New BC Pediatric Nutrition Guidelines

In the era of “Doctor Google” and celebrity nutrition experts, the need for evidence-informed nutrition information to support health care practitioners in communicating nutrition infaormation to their patients is imperative.


Relevancy to practice
In the era of “Doctor Google” and celebrity nutrition experts, the need for evidence-informed nutrition information to support health care practitioners in communicating nutrition information to their patients is imperative. Physicians are instrumental in reducing the toll of the obesity and diabetes epidemics, and the importance of starting with infants and children cannot be overstated. The new Pediatric Nutrition Guidelines (Six Months to Six Years): For Health Professionals[1] provide a framework for physicians to use to reverse the conditions that predispose their patients to these and other chronic diseases.

Highlights
The Provincial Health Services Authority and the BC Ministry of Health and regional health authorities have partnered to adapt the Pediatric Nutrition Guidelines from Ontario for use in BC. The purpose of the BC Guidelines is to assist health professionals identify nutrition issues related to child growth and development and to ensure consistency in nutrition messaging among health professionals throughout the province.  

The Guidelines are intended to be a quick reference tool. Information includes:  
• Developmental milestones that relate to feeding.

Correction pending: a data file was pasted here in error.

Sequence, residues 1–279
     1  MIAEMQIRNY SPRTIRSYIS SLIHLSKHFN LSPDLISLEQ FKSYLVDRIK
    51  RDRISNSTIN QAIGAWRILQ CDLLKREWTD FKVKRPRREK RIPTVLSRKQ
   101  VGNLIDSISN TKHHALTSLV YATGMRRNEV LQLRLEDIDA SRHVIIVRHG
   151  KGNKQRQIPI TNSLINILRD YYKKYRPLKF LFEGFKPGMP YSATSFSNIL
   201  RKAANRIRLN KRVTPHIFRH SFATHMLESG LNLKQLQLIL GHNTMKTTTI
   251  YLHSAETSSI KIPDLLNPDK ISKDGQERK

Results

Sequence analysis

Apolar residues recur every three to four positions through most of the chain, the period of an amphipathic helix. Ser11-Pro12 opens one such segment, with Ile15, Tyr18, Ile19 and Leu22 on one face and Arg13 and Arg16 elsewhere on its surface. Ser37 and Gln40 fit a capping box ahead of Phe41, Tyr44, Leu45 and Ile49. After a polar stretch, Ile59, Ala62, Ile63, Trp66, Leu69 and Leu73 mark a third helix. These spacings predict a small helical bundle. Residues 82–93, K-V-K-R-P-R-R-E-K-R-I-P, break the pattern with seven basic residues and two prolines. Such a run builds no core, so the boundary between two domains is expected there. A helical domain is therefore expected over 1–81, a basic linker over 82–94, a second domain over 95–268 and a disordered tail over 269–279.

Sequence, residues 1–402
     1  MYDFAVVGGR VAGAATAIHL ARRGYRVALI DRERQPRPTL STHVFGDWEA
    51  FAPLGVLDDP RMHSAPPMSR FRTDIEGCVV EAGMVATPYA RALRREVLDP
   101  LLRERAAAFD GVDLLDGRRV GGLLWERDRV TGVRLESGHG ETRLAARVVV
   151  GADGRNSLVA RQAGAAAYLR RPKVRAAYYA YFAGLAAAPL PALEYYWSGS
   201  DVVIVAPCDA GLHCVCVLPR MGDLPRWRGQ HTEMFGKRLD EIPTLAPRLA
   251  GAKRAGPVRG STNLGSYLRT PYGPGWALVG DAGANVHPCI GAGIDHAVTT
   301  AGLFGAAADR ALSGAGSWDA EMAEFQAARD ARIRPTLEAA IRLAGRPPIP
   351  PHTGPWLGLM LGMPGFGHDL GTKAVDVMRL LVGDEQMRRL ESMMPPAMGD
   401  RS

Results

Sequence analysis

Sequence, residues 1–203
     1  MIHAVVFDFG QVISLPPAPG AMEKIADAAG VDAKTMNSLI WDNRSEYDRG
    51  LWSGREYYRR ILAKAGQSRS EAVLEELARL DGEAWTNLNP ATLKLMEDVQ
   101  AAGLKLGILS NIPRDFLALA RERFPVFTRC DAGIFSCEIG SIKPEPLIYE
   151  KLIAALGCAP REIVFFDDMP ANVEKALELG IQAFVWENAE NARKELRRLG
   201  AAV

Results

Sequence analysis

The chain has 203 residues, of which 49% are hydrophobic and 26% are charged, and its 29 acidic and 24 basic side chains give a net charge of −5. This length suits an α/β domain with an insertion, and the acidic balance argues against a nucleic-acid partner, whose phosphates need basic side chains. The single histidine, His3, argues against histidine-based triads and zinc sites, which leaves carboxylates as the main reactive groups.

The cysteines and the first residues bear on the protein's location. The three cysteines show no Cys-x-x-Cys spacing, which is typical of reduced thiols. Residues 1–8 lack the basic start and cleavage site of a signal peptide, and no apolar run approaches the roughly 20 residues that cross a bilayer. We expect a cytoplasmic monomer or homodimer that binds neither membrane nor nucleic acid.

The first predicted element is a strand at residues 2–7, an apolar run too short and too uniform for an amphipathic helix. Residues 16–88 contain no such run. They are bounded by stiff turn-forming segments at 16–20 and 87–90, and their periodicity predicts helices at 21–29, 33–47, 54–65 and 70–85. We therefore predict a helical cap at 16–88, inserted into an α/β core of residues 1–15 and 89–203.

• Food, fluid, and feeding relationship guidelines to support the nutritional needs of infants and children. 
• Markers of increased nutrition risk.
• Additional information on topics such as allergies, growth monitoring, and informed decision making. 

First foods
One of the most common conversations about infant feeding is when and what to feed infants as first foods. Signs of developmental readiness for solid foods can be found in the Guidelines (page 4) and may appear a few weeks before or just after 6 months of age. From a population health perspective, the iron content of food remains the main consideration when selecting first foods. Maintaining sufficient iron status is essential to infant growth and cognitive, neurological, motor, and behavioral development.[2

Parent/caregiver influences on eating habits 
A battle of the wills is a common problem at mealtime. Control over who eats what and when can leave families feeling frustrated and lead to unhealthy relationships with food for everyone. Healthy children have the ability to self-regulate the amount of food they consume. Children will compensate for eating less on some days or at a particular meal by eating more at other meals. Parents/caregivers interfere with this regulatory ability when they try to force children to eat certain types or amounts of food. 

Parents/caregivers, older infants, and young children have a shared responsibility when it comes to eating and meal times—a concept described as the “division of responsibility”[3] by leading child-feeding expert Ellyn Satter. Before a child is 1 year old, where and when feedings take place should be led by infants and their hunger cues; after age 1, parents/caregivers take over the responsibility for where and when the child is fed. The parent/caregiver must continue to trust the child’s ability to decide how much to eat and whether to eat, just as in infancy. 

To support responsive feeding, the Guidelines encourage parents/caregivers to avoid distractions such as toys, books, or screens during mealtime, and to not pressure babies and children to eat through prodding, scolding, punishment, pleading, bribing, praising, or coercing.  

Nutritional red flags